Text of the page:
• European Commission President Ursula von der Leyen has voiced her concerns about the security implications of Finland’s border closure with Russia.
  • Finland extended border closures due to perceived risks orchestrated by Moscow, leaving only one checkpoint open for rail travel.
  • Finland shares an 832-mile land border with Russia, spanning from forests in the south to Arctic terrain in the north.

The head of the European Union’s executive branch said Friday that Finland’s decision to close its border crossings with Russia over a surge in migrants is a security matter for the whole 27-member bloc to consider.

European Commission President Ursula von der Leyen made the remarks during a trip to the frontier, visiting a part of the border located in southeastern Finland.

“We all know how (Russian President Vladimir) Putin and his allies instrumentalize migrants to test our defenses and to try to destabilize us,” von der Leyen told officials. “Now Putin is focusing on Finland, and this is no doubt in response to your firm support of Ukraine and your accession to NATO.”


On April 4, Finland decided to extend the closure of its border crossing points with Russia “until further notice” because of what the government says is a high risk of organized migration being orchestrated by Moscow. Finland’s government has closed eight of its nine checkpoints with Russia. The only one that remains open is dedicated to rail travel only, and cargo trains mainly run through it.

Ursula von der Leyen

President of the European Commission Ursula von der Leyen is seen during her joint press conference with Finnish Prime Minister Petter Orpo at the Lappeenranta airport, eastern Finland, on April 19, 2024. (Antti Aimo-Koivisto/Lehtikuva via AP)

Finland shares an 832-mile land border with Russia, running mostly through thick forests in the south, and to the rugged landscape in the Arctic north.

“This is not just about the security of Finland, but it is about the security of the European Union. We are in this together,” von der Leyen said after visiting the border in Lappeenranta with Finnish Prime Minister Petteri Orpo. “We should be more Finnish when it comes to security.”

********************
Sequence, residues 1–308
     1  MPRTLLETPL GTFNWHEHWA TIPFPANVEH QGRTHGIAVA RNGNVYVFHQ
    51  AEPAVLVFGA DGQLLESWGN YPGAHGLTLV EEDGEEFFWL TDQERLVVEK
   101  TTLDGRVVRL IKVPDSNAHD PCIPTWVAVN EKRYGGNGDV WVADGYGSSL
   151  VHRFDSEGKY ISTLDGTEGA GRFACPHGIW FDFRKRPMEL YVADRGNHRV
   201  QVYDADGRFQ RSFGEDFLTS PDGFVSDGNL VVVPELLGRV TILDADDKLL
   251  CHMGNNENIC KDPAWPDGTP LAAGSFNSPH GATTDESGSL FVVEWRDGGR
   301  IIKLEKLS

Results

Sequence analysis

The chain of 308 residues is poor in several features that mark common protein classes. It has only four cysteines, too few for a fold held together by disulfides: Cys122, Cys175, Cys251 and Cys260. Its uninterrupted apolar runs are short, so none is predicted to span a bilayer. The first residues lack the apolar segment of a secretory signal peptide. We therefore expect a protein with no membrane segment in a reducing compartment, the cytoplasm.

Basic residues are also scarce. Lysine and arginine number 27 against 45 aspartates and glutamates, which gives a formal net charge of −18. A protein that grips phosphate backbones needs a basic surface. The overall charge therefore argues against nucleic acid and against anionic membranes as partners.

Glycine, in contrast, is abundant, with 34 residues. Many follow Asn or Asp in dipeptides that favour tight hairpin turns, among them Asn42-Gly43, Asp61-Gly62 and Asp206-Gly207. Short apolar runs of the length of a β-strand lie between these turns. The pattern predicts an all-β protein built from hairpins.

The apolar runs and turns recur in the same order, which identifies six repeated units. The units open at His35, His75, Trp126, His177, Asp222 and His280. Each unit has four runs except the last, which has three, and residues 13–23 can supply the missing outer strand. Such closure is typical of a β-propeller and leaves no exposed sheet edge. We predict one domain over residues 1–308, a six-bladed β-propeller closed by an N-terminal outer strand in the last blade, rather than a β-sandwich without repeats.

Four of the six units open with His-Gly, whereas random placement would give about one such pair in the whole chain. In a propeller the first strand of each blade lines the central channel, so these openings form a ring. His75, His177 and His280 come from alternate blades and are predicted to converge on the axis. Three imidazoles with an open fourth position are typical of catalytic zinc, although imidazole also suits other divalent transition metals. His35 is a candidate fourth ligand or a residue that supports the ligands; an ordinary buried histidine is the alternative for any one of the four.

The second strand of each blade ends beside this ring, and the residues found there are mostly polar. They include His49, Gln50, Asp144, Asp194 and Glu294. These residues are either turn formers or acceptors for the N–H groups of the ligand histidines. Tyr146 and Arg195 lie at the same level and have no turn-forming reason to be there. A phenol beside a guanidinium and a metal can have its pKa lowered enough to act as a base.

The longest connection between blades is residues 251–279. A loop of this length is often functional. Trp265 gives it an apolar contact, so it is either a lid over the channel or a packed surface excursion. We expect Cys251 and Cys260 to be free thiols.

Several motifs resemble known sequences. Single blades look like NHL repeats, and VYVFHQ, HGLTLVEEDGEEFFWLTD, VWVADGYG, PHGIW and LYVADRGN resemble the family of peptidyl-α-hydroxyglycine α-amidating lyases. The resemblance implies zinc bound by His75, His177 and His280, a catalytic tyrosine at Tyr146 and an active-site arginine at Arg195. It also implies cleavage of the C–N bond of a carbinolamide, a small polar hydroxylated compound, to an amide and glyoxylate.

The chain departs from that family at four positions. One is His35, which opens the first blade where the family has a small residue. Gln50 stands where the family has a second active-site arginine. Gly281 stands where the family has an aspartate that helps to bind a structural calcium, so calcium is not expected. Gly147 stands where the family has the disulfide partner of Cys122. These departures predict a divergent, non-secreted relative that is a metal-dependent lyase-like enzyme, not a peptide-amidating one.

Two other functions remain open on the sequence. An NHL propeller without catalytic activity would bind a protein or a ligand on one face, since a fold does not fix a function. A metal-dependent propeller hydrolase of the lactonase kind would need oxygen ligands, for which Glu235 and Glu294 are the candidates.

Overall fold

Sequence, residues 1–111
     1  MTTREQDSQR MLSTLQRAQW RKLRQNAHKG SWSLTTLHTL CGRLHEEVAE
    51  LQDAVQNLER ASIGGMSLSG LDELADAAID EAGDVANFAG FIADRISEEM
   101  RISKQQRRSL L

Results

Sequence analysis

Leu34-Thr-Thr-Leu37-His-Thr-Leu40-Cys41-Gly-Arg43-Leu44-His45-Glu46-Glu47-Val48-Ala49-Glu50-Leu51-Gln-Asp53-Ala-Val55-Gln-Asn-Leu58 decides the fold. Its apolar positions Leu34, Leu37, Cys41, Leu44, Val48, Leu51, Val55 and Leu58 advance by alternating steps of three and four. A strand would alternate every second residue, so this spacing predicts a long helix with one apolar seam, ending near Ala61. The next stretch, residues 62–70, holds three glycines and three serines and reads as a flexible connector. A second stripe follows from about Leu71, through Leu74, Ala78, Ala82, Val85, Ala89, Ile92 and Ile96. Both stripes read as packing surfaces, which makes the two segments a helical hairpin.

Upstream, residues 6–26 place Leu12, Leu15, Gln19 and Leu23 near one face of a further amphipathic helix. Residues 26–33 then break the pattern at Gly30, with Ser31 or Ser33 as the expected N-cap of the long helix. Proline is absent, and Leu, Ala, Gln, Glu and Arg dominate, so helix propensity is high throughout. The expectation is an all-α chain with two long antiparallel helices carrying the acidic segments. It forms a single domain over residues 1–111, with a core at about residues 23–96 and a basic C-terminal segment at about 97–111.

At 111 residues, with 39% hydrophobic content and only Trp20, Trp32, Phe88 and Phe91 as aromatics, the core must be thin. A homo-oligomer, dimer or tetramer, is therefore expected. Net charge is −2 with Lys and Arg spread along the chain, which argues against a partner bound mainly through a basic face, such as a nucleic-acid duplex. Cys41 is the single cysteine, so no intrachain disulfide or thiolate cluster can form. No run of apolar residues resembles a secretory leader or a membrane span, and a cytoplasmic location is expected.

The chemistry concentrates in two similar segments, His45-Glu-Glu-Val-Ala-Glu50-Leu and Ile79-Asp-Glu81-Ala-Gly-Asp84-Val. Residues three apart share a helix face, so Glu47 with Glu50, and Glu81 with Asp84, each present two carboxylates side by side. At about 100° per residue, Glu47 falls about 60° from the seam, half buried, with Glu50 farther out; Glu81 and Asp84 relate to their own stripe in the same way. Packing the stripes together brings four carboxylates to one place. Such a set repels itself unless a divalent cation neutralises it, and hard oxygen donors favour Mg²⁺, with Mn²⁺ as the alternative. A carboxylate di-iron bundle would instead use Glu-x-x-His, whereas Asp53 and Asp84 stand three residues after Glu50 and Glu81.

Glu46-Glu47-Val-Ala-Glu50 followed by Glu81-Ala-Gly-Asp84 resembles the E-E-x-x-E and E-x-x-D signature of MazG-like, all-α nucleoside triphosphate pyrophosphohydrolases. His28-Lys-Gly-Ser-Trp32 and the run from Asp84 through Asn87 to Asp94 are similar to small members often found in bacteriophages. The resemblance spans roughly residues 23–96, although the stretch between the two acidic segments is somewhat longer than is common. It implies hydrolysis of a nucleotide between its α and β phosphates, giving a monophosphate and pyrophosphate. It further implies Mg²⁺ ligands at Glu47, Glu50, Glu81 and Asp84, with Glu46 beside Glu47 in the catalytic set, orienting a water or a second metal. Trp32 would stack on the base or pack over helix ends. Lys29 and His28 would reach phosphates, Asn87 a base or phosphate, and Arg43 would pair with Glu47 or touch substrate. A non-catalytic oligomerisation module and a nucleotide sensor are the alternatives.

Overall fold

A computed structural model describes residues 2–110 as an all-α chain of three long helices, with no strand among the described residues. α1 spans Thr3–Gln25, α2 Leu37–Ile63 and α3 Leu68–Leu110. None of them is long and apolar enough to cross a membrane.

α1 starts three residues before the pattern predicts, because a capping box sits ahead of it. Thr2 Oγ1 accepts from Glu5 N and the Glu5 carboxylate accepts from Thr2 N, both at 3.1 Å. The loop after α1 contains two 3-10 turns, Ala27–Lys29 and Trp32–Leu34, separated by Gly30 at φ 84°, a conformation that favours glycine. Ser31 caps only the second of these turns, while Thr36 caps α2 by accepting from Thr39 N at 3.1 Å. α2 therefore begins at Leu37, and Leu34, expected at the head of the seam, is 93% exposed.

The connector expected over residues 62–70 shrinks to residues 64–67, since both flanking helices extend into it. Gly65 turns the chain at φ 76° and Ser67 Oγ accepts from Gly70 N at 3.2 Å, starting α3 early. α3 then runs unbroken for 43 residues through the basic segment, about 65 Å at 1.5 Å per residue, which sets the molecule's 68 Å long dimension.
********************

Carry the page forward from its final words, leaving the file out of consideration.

Von der Leyen and Orpo flew in a Finnish helicopter over the landscape of forests and towns on the border.

In a statement issued after the visit, Orpo said that “the spring’s warmer weather increases the risk of Russia helping people illegally try to get to Finland via the land border … outside the border crossing points.”


Von der Leyen is campaigning as a member of the conservative European People’s Party bloc for a second term in office as head of the EU’s powerful executive branch. Security is a top EPP theme ahead of the June 6-9 European Parliament elections.

Most of the migrants hail from the Middle East and Africa. The vast majority of them have sought asylum in Finland, a member of the EU and NATO with a population of 5.6 million.

Finland joined NATO in April 2023, ending decades of neutrality after the country’s defeat by the Soviet Union in World War II. In March, Sweden also became a member of the trans-Atlantic alliance. The move dealt a major blow to Putin, with a historic realignment of Europe’s post-Cold War security landscape triggered by Moscow’s full-scale invasion of Ukraine.


Leave a Reply

Your email address will not be published. Required fields are marked *

You May Also Like

Why should you take your startup to the Azerbaijani market?

Azerbaijan’s startup ecosystem is young and dynamic. In recent years, startups in…

SentinelOne’s Ezzeldin Hussein Steals the Spotlight at AICS Bahrain, Emphasizing the Triad of Cybersecurity, Digital Transformation, and AI

Manama, Bahrain. December 6, 2023 – Mediamark Digital The Arab International Cybersecurity Conference…

Colombia's ELN rebels say they will only stop kidnappings for ransom if government funds cease-fire

BOGOTA, Colombia (AP) — The head of Colombia’s largest remaining rebel group…

France convicts 6 teens in connection with teacher's Islamist beheading

A French court convicted six teenagers Friday in connection with a teacher’s…